There is also -and this is what came first to my mind- the story of
Sindbad the Sailor, in the Arabian Nights, who in one his voyages
shipwrecked in an island where an old man, very gentle looking, asked
him to carry him on his back or shoulders to reach some fruits. The
result was a nightmare for Sindbad. It has been years since I read it,
but I could tell you that it impressed me very much.

Best,
Armando Guerra
School of Foreign Languages
University of Havana

[7]-------------------------------------------------------------
From:           Laura Fargas <This email address is being protected from spambots. You need JavaScript enabled to view it.>
Date:           Thursday, 11 Feb 1999 17:02:21 -0500 (EST)
Subject: 10.0228 Re: Early Myth
Comment:        Re: SHK 10.0228 Re: Early Myth

Larry Weiss <This email address is being protected from spambots. You need JavaScript enabled to view it.> wrote:

>There  are a lot of recurrent themes and
>situations in mythology (cf. the recent thread re camels and needles'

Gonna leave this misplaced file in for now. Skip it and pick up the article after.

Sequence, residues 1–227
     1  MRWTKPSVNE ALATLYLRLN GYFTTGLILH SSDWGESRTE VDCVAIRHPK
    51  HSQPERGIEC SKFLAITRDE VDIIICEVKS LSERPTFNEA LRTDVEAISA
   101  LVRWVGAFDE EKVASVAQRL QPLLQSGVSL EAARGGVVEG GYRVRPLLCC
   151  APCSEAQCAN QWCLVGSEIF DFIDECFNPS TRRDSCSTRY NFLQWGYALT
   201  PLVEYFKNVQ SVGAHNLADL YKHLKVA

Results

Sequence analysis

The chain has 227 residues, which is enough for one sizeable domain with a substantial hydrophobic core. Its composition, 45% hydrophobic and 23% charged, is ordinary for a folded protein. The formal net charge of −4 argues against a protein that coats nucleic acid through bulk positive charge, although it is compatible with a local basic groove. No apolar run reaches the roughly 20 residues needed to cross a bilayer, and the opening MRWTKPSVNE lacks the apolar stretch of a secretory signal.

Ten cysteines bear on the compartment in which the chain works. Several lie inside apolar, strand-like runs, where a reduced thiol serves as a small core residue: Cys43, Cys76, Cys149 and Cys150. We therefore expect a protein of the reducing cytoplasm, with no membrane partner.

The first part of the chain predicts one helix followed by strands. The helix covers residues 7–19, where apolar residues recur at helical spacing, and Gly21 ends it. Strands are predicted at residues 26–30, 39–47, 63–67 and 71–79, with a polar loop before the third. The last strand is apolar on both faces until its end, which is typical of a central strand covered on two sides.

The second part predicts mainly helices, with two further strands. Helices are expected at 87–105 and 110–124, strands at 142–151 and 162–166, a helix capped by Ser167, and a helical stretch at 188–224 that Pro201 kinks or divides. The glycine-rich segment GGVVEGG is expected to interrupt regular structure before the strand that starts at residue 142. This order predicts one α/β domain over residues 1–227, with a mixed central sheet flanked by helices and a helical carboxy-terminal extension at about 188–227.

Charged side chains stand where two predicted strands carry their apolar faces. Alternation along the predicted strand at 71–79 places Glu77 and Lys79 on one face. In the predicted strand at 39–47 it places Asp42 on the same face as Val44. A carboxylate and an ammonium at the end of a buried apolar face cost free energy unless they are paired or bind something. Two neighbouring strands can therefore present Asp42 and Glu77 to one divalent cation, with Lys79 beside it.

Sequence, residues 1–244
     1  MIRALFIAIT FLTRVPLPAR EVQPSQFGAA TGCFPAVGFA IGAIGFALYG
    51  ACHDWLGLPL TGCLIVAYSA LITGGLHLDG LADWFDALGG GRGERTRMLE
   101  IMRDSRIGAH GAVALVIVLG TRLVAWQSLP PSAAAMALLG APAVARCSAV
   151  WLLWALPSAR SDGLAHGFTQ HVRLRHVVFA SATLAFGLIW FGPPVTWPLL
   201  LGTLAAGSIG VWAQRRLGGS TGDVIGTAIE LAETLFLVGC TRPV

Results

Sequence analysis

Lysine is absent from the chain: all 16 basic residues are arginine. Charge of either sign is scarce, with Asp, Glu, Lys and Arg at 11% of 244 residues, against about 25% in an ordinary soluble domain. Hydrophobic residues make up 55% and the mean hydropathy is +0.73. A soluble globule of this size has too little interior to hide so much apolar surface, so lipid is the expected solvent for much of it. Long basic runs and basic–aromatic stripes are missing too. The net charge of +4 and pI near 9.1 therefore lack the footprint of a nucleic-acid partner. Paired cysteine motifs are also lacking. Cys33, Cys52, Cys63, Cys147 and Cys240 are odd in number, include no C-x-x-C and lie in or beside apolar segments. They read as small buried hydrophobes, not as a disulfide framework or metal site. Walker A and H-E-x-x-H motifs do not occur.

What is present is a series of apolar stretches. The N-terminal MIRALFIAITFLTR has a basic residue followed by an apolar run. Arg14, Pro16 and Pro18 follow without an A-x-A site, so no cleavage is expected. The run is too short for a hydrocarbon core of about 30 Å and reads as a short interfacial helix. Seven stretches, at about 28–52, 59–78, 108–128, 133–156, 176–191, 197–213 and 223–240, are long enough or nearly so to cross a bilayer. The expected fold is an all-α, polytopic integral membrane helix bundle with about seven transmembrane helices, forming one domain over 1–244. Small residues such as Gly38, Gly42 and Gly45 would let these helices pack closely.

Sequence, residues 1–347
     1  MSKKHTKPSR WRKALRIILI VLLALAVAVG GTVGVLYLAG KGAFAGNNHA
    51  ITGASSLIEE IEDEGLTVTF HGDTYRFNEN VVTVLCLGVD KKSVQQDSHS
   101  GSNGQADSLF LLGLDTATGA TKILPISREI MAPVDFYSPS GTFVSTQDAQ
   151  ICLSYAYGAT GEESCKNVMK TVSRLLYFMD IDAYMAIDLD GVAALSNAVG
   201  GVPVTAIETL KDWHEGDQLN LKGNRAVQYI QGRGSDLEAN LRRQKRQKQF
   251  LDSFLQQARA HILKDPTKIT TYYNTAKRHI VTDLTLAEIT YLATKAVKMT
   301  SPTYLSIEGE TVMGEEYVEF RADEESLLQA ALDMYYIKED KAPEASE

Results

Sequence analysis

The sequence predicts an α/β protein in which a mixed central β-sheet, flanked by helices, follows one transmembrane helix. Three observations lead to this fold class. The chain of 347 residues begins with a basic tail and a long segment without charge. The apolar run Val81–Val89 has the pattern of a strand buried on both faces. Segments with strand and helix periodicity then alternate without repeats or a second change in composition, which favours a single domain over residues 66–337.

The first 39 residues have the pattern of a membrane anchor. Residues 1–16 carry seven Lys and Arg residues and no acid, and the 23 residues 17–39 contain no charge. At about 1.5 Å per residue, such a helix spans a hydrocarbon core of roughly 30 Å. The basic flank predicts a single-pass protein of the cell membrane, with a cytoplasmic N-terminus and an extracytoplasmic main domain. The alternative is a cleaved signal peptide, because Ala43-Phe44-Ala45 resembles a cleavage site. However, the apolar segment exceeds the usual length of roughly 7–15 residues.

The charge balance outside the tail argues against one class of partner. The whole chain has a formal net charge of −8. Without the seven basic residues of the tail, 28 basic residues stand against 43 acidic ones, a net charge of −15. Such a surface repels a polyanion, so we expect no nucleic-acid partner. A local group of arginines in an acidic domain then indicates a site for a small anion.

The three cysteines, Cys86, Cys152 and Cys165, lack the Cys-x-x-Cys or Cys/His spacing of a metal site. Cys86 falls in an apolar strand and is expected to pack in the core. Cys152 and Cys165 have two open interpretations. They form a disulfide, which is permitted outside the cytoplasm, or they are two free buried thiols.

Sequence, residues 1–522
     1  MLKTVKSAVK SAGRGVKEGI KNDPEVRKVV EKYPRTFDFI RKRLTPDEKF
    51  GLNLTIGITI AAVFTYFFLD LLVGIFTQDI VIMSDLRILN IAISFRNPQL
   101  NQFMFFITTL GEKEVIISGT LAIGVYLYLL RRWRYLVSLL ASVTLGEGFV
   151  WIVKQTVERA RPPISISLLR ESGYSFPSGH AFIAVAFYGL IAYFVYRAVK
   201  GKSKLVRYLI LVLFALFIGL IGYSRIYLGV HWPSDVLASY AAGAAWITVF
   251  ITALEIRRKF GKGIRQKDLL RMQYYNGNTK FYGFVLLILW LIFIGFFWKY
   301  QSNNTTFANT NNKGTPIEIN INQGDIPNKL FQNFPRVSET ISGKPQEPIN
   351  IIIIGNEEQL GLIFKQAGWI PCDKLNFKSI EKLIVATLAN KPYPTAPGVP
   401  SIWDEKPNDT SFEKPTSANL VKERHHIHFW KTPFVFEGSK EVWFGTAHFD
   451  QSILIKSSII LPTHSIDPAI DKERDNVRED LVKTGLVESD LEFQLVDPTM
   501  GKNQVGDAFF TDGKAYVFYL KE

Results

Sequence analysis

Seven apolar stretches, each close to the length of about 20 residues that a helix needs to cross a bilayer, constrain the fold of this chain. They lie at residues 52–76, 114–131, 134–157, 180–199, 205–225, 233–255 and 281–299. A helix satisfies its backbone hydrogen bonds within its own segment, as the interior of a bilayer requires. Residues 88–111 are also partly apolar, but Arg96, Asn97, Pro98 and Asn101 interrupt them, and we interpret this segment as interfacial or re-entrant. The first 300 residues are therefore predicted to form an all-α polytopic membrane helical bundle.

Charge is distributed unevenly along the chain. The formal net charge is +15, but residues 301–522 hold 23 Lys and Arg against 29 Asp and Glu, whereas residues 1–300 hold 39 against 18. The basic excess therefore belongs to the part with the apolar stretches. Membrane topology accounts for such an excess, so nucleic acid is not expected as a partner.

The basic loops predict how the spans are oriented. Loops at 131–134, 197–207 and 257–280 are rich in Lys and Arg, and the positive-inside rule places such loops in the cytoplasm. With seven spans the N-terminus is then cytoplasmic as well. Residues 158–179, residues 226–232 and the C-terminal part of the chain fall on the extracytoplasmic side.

>eyes).

From a long-ago study (1970's) of comparative mythology and folklore, I
recall that a scholar named Eirik Vandvik was attempting to construct a
kind of Dewey decimal system for cross-referencing myth motifs from all
cultures.  It was much more detailed, though less fun to read, than the
cross-cultural mythographies by critics such as Levi-Strauss or popular
works by Robert Graves and Joseph Campbell.  Motifs such as wrestling
the earth-giant repeated in a number of cultures, and Vandvik was
cataloguing variant details.

Vandvik's goal, as I recall, was to attempt to map whether such stories